“A lot of people have found some morbidity in his (Pavel Tchelitchew’s) work and Alice De Lamar, who knew him intimately and who was a great patron and gave us houses to live in, she told me one day, ‘Well, Pavlikis is a mental case.’ Can you believe it? She gave us one house and Balanchine gave us a Ford. He paid $250 for it — a second-hand Ford.” Charles Henri Ford Interview


Charles Henri Ford, the American poet, editor, filmmaker, photographer, and collage artist, was born in 1913; he lived until age 93. A high school dropout, he started his first magazine, Blues, in 1929, which propelled him into the circle of Gertrude Stein’s famous salon in Paris. He became friends with Man Ray, Janet Flanner, Peggy Guggenheim, and Djuna Barnes of the American expatriate colony in Paris.

In 1932, while in Morocco visiting Paul Bowles, he typed Djuna Barnes’s novel, Nightwood. The next year, he co-wrote The Young and Evil with Parker Tyler, a book that was banned in both Paris and America.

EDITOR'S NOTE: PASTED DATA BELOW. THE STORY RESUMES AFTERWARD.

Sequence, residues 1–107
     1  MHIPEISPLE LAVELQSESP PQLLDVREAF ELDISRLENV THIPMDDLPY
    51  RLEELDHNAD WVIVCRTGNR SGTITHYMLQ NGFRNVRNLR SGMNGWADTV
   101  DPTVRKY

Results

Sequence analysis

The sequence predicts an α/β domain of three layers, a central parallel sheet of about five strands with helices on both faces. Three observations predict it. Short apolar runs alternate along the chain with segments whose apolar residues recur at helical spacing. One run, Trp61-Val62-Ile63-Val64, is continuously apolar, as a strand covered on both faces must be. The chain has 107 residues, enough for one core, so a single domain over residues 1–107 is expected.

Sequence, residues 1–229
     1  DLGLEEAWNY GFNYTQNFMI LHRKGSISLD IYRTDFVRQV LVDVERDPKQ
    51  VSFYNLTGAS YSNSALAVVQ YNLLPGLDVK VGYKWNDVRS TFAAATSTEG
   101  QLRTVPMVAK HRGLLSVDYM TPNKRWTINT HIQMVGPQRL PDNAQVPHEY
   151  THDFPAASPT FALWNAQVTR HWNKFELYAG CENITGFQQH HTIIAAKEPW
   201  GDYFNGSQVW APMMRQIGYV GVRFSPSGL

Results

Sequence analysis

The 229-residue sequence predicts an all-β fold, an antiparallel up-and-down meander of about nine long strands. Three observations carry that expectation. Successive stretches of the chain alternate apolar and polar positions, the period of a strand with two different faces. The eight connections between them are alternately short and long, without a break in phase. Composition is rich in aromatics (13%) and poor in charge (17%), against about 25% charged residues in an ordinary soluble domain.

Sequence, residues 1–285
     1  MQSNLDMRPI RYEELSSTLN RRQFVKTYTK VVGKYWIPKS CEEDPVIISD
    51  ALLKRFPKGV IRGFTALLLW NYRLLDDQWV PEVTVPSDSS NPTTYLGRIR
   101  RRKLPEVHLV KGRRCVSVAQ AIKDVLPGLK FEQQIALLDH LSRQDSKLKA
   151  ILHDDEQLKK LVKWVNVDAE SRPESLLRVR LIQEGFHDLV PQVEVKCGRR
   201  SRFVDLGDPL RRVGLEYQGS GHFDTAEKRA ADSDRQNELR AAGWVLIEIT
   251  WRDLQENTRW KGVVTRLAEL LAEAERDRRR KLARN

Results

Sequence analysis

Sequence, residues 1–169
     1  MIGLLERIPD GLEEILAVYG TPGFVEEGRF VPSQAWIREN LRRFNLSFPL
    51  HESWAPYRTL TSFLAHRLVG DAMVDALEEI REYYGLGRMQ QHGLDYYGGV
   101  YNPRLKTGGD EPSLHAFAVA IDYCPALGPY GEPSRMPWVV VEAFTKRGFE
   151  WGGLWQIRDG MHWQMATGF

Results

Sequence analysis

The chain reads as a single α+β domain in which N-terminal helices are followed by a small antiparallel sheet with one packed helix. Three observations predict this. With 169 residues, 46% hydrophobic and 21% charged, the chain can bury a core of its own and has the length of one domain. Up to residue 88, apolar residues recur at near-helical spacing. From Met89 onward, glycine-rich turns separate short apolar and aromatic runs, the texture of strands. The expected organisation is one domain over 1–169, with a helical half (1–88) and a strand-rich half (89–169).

In 1934 he returned to New York City, bringing the Russian artist Pavel Tchelitchew.

He and Alice De Lamar traveled in the same social circle, that included Glenway Wescott, Lincoln Kirstein, and George Balanchine.

He published a book of poetry, The Garden of Disorder, with an introduction by William Carlos Williams, in 1938.

In 1940 Ford started View magazine, which featured talent from around the world: Max Ernst, Pablo Picasso, Henry Miller, Paul Klee, Albert Camus, Georgia O’Keefe, Man Ray, Alexander Calder, Marc Chagall, and Marcel Duchamp.

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